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Mar 04
Improving the clinical management of complicated HIV cases in eThekwini

By: Lunga Memela (Communications Engagement Lead)

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HST's Facility Team Leaders, Nurse Clinicians and Advanced Clinical Care Clinicians after deliberations at the inaugural Continuous Medical Education session held in February 2022 at HST's Durban Office.

Thursday 24 February 2022 marked the commencement of a new Continuous Medical Education (CME) programme that has been initiated by the Health Systems Trust (HST) for the organisation's Facility Team Leads based at Department of Health (DoH) and Municipal healthcare facilities in eThekwini District. The CME approach was initiated in response to requirements for treatment management of complex clinical cases among HIV-positive adults, adolescents, children, infants, pregnant women, and breastfeeding mothers.

The CME programme offers a monthly opportunity for healthcare practitioners from various facilities to join the industry's Advanced Clinical Care Clinicians in deliberating on and sharing best practices for management of unique cases whose unsuppressed viral load is negatively affecting health outcomes.

The ultimate goal of HIV antiretroviral therapy (ART) is suppression of a patient's viral load so that it becomes undetectable. UNAIDS confirms that: "With 20 years of evidence demonstrating that HIV treatment is highly effective in reducing the transmission of HIV, the evidence is now clear that people living with HIV with an undetectable viral load cannot transmit HIV sexually." This is the basis of the 'Undetectable = Untransmittable' (U=U) campaign, and is the key to epidemic control.

To accommodate the busy schedule of healthcare workers in the District, HST's CME programme enables them to attend face-to-face sessions during which unique cases are presented, or to participate in the robust discussions conducted through virtual platforms from their place of work.

This first CME engagement addressed two cases.

In reviewing the first case of a patient with renal failure, the group interrogated the cause and effects, and educated Clinicians on best practices, appropriate treatment, and identification of similar complex cases for referral.

The second case addressed drug resistance in children. Clinicians were taken through early identification of virological failure in paediatric cases, and how to analyse and interpret HIV drug resistance, leading to the formulation of an appropriate third-line drug regimen for the patient. Other aspects of this session addressed the need for psychosocial interventions to aid disclosure to children, and to support adolescents in improving their treatment adherence as they graduate from the paediatric programme. The CME session also covered the ways in which facilities can be made more child- and youth-friendly, and how this contributes to a better treatment environment.

There is hope!

HST is a District Support Partner to the Department of Health (DoH) in four districts in KwaZulu-Natal, and the new CME programme supports the DoH Consolidated Guidelines for the Management of HIV in Adults, Adolescents, Children and Infants and Prevention of Mother-to-Child Transmission.

Through the South African Sustainable Response to HIV/AIDS and TB (SA SURE) Project which is funded by the U.S Centers for Disease Control and Prevention (CDC) through the U.S. President's Emergency Plan for AIDS Relief (PEPFAR), HST's CME programme is encouraging healthcare practitioners to abide by these guidelines for improved and strengthened HIV case management.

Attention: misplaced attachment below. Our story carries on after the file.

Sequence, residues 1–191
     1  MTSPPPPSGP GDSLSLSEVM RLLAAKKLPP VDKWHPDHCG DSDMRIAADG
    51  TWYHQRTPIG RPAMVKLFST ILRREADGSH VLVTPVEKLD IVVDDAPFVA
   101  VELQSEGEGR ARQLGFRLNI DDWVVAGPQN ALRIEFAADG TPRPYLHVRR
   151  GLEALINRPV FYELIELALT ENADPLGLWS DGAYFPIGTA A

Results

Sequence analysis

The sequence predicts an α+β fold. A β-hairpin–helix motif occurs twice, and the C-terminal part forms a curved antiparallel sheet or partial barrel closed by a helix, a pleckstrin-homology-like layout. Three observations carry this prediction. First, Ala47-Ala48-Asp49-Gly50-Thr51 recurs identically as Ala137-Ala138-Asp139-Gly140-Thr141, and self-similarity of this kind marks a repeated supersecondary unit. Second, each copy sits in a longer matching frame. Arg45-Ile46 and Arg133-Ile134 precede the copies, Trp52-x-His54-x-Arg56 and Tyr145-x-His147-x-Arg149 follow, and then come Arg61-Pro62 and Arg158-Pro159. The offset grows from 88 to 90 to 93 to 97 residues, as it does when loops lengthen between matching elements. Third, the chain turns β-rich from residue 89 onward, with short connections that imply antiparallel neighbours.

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From left: Dr Tinyiko Khosa (Advanced Clinical Care Clinician); Kubashini Nair (HST's eThekwini District Training Co-ordinator); and Dr Ganizani Mlawanda (Advanced Clinical Care Clinician).

HST's Advanced Clinical Care Clinician, Dr Tinyiko Khosa, said: "It's very important to remind patients about the goal of therapy." From her experience, it becomes easier to promote adherence to ART once a patient understands why they need to take treatment in the first place. "ART is good for viral load suppression, reducing morbidity and increasing life expectancy." Dr Khosa said that patients should be encouraged to adhere to ART. "I always say, 'it's treatment for life'… the same as eating food every day for sustenance."

HST's Advanced Clinical Care Clinician, Dr Ganizani Mlawanda, who chaired the first CME session, and HST's eThekwini District Training Co-ordinator, Kubashini (Kubi) Nair, expanded on Dr Khosa's comments.

"There are always updates in HIV clinical care," noted Nair, "so it is important for healthcare practitioners to come together, brush up their skills and share current knowledge. The CME programme is an opportunity for eThekwini healthcare workers to pause and reflect on what was done, what was done well, what can be improved." Passionate about her work on the ground, Nair said it is rewarding to see how someone can achieve viral suppression and thus look forward to a healthy future.

Chatsworth Township Centre's Facility Team Leader, Nokulunga Dlamini, expressed appreciation for the programme: "We are really grateful for this session. It is a reminder that we at the facilities are not alone; we have support!"

In addition to ART adherence promotion and supporting patients to take the correct medication in the proper manner, the take-home message to all healthcare practitioners on the day was: Act early! Investigate, consult, and refer, so that patients have the best chance of achieving an undetectable viral load. 

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Colleagues promoting the use of the National Consolidated Guidelines for the Management of HIV in Adults, Adolescents, Children and Infants and Prevention of Mother-to-Child Transmission.


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